British farmers will soon have a new AI-enabled tool to help counter the threat posed by black-grass weed, following the announcement of a new £1 million project (aiScope) featuring leading agricultural software specialist Farmplan, IBM Research Europe, Sheffield University, Rothamsted Research, Hummingbird Technologies, Precision Decisions, and the Science & Technology Facilities Council (STFC) Hartree Centre.
During the 24-month project, data such as soil type, crops and field operations will be collected by farmers and entered into Farmplan’s Gatekeeper software, which enables growers to supply field data without any duplication. Gatekeeper then passes the data to aiScope, which is based on IBM PAIRS, a geospatial-temporal information service. aiScope contains algorithms that combine the farmer’s data with additional data, such as weather, to help scientists create evidence-based black-grass forecasting models to accurately predict where the weed will grow. Once farmers know where the black-grass is likely to grow they can eradicate it in advance.
Can Artificial Intelligence combat black-grass?
Currently, black-grass costs farmers more than £580 million annually as it can compete with cereal crops such as wheat and barley reducing their yield and resulting in food shortages. As the weed is becoming increasingly resistant to herbicides, artificial intelligence (AI) and data offer a new means to combat it, with the Gatekeeper-aiScope integration available from October 2020.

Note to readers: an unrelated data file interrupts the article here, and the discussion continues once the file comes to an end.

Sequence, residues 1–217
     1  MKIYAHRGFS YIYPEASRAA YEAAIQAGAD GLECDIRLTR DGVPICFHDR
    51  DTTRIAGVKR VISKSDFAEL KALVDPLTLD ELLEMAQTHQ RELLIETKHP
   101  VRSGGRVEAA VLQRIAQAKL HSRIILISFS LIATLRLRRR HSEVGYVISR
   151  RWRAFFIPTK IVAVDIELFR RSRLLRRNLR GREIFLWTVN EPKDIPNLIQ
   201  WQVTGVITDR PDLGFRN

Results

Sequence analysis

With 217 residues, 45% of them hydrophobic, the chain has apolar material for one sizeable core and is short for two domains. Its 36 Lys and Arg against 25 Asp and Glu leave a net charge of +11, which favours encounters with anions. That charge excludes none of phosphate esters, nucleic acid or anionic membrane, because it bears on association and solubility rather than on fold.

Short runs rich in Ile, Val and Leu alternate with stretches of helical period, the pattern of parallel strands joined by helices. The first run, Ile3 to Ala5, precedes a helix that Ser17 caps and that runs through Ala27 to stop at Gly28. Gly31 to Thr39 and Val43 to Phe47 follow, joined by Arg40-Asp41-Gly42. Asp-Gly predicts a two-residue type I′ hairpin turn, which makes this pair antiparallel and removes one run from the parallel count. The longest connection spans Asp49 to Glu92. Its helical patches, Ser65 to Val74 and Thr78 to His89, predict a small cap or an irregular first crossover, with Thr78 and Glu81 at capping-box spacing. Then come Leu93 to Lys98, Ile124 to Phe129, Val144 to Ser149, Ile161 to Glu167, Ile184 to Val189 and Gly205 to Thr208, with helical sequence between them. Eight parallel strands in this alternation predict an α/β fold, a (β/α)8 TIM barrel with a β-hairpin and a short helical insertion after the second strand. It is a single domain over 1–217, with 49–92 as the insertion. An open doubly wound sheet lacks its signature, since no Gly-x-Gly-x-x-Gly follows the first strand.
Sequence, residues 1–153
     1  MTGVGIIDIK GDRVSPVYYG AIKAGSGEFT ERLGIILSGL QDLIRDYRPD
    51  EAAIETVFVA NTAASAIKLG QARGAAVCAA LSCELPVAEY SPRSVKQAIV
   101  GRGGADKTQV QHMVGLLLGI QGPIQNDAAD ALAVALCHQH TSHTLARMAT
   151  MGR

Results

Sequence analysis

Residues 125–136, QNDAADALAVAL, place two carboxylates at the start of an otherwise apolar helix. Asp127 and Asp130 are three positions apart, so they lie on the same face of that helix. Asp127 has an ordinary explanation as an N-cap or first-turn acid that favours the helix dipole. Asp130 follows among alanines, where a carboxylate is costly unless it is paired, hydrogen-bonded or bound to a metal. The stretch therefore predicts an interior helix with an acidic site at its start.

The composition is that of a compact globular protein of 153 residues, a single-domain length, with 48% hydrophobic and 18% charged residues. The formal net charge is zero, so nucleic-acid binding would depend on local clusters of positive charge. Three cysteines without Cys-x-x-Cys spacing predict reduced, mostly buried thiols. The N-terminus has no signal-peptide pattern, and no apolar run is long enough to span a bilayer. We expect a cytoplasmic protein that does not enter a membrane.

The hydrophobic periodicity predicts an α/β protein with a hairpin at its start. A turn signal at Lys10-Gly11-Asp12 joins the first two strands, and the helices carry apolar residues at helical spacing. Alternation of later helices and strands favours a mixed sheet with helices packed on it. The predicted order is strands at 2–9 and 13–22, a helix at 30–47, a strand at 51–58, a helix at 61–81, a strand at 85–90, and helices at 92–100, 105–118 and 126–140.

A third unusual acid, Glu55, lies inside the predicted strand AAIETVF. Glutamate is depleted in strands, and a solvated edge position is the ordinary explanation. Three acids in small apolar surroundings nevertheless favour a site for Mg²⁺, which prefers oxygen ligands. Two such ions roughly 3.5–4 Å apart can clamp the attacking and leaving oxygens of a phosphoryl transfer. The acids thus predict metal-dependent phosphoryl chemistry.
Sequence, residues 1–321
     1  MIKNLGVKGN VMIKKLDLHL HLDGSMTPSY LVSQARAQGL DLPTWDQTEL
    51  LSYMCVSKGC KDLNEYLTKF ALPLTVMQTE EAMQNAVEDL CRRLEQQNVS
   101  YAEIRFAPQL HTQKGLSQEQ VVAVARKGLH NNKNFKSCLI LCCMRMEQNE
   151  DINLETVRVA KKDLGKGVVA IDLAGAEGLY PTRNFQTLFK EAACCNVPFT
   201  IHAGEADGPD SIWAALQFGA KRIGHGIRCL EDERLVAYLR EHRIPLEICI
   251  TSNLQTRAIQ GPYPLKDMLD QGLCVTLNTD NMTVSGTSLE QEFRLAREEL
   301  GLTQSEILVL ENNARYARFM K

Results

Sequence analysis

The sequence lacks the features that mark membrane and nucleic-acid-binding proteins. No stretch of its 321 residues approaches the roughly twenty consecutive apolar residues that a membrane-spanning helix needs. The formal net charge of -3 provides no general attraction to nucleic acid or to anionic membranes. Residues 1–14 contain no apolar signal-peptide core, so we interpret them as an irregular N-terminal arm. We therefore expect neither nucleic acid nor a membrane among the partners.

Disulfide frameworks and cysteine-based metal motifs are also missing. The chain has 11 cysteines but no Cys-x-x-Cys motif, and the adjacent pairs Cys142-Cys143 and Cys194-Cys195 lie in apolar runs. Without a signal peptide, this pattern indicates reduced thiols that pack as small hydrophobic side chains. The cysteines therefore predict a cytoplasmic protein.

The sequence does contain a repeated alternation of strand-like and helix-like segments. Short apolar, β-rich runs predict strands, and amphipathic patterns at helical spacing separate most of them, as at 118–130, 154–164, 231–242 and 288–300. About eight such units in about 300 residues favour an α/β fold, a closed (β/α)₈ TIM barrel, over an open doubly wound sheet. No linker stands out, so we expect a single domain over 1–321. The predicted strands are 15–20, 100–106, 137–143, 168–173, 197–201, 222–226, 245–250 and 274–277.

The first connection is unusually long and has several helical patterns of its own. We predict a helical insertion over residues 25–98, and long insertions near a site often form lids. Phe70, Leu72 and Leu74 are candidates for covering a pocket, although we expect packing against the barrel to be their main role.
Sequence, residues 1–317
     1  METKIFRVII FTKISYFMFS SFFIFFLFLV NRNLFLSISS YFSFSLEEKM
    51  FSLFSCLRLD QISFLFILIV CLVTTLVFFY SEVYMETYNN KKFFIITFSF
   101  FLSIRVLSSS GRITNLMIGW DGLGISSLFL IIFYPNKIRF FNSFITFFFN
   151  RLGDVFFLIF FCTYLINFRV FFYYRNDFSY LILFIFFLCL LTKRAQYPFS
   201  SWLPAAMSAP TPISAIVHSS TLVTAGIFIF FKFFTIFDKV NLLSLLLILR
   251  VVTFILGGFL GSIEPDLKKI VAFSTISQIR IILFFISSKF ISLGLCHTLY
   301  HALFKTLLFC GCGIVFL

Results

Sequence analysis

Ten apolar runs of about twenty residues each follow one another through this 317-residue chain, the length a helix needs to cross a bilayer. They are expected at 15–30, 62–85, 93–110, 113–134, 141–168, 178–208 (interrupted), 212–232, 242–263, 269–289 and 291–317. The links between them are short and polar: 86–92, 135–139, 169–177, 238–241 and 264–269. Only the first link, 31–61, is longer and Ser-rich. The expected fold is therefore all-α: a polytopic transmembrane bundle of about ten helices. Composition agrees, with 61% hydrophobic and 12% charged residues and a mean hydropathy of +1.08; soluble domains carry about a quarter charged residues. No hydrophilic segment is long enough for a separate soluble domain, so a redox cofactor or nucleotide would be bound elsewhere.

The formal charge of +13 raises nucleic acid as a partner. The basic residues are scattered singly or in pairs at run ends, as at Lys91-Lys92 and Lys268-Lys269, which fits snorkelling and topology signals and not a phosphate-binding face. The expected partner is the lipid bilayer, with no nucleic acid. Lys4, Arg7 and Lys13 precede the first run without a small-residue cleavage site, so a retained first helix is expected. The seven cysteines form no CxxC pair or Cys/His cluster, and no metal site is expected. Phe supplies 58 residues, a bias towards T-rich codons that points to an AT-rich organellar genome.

Farmplan, a division of the global Proagrica business, is providing the data exchange capability to securely deliver the grower data. In just a few clicks, growers can expressly permission selected crops zones and operations from Farmplan’s Gatekeeper onto the aiScope data platform.
“Black-grass continues to be a scourge of British farming and we are delighted to provide support to all those working hard to develop best practices to eradicate it,” said Alistair Knott, Proagrica’s precision agriculture development director. “At present, willing, enthusiastic growers across the UK have to supply data manually, when that data is already in their farm management system. They can now seamlessly and securely, expressly permission agreed historic data by field, in a standardised format, efficiently delivered via an API.”
“In order to develop forecast models and decision-support tools for a range of different crop threats, researchers need access to the highest quality data at scale,” added Blair Edwards, technical lead for the IBM Research Europe data science team in the UK. “The aiScope project is working with Proagrica to make it easy for farmers to share their farm management data with researchers, allowing integration with environmental, survey, sensor and imaging data to develop more powerful models than ever before. By applying the latest techniques in data science and artificial intelligence, we hope to address many different challenges, starting with black-grass.”